First of all, we have to distinguish between monochrome LED stripes, which are either warm white, cool white, blue, yellow, green, red or amber, and RGB or RGBW LED strips. RGB LED strips to shine in the 3 basic colors red, green, and blue. With it all between colors like violet, orange or even a cold white can be mixed together. RGBW LED stripes are a mixture of RGB LEDs and warm white LEDs. Since many customers find a warm white light (color temperature 2700K – 3000K) pleasant, the mixed cold white of RGB LED stripes was not so popular. This comes from the time when there were normal tungsten wire light bulbs, which shone in exactly the pleasant warm white color. Therefore, RGB WW LED stripes were introduced.
The next step is to determine what voltage your LED strip needs to shine beautifully. Many RGB LED stripes and monochrome LED stripes are designed for 12V. These are usually more cost-effective versions of LED stripes. A frequently observed problem, which occurs with RGB LED Strip lengths (30 LED/m) starting from 4-5m, is a decreasing brightness of the LEDs from the power supply and thus a non-uniform lighting result. This phenomenon does not occur with 24V or 230V LED stripes.
After that, please check how high the current consumption of your LED strip is. With high-power LED stripes, which are very bright, a value of 15W/m can be reached here already once. The current consumption depends on the number of LEDs per meter (LED/m), e.g. 30, 60, 120 or 240 LED/m and the LED type, thus 5050 SMD or 3528 SMD. As a rule of thumb you can assume that 5050 SMD LEDs consume more power than 3528 SMDs. The current consumption is then simply calculated by the formula I=P/U. For RGB LEDs you have to divide by the number of colors (3 colors), so I=P/(U*3). The maximum current consumption of the LED Strip must not exceed the allowed current consumption per channel of the LED remote control.
I=Current P=Power consumption/multiplied by the length of the LED strip U=Voltage
We calculate a simple example for clarification. Let’s take a 12V RGB LED strip (30LED/m) in the length of 5m of LED universe and see if a 44 button remote control is compatible. On the pictures, you can see for example, that 12V is printed on the LED strip and RGB is printed on it. The controller of the remote control has also 12V printed on it and 2A per color channel can withstand the electronic components. The LED strip has a power consumption of 7.2W per meter according to the manufacturer. At 5 meters this is 36W. If we now divide 36W/12V we get 3A. The current of 3A is now divided equally between the 3 color channels (R,G,B), so that 1A current per color channel flows through the controller under full load. So we could even use the controller for a RGB LED band (30LED/m) with a length of max. 10 meters.
RGB LED Strip LED Remote Control
In summary, therefore, proceed as follows:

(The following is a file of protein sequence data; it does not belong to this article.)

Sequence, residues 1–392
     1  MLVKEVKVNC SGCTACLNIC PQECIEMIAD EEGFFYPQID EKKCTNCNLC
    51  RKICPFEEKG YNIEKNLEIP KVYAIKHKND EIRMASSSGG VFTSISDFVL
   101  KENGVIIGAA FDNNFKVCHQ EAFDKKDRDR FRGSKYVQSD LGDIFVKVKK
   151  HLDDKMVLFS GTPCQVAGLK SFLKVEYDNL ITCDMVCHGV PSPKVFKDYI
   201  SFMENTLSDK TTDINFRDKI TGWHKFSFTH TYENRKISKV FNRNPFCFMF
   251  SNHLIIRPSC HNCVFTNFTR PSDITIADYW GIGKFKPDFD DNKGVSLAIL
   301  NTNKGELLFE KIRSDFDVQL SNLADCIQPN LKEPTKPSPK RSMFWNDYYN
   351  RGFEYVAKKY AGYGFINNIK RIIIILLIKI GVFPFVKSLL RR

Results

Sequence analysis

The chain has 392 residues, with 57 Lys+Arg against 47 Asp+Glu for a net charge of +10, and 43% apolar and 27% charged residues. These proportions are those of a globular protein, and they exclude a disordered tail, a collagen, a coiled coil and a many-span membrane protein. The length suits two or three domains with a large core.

Specify the type of LED strip – monochrome, RGB or RGBW (also RGB WW)
Voltage of the LED band is 12V, 24V or 230V
Power consumption in W/m
Selection of the right remote control based on the above criteria
When do I use a LED remote control and when an IR remote control?
The question, if it is better to use a wireless remote control or infrared remote control for the LED strip is quickly answered.
As long as the receiver can be placed in direct line of sight, color control or dimming by infrared remote control is possible. The range is however limited to a few meters. The IR remote control works on the same principle as a remote control of a television. The advantage of such a simple remote control is that it is cheaper than a radio remote control and can be operated easily by pressing a button. Since the maximum current consumption per channel is not too high, e.g. 2A, the LED strips to be connected must not become too long, or have too many LEDs for longer strips. If you still want to use an IR remote control for very long LED strips, e.g. 20m, you have to take the detour over the additional installation of amplifiers.
If you do not have a visual contact to the receiver of the remote control, because the controller is installed e.g. in a suspended ceiling, the radio remote control for LED strips is the right choice. Here the range is quite long with about 25m. Most of the time these are so called Touch radio remote controls, on which a color wheel is recorded. There are also some with a turning wheel. You can also switch between color selection and dimming. Furthermore a radio remote control is also suitable to control several LED strips, if it has enough channels. The radio remote control is somewhat more expensive compared to IR remote controls. The controllers of radio remote controls for LED strip are inherently a little stronger and therefore have a higher permissible power consumption. Thus substantially longer LED strips can be connected.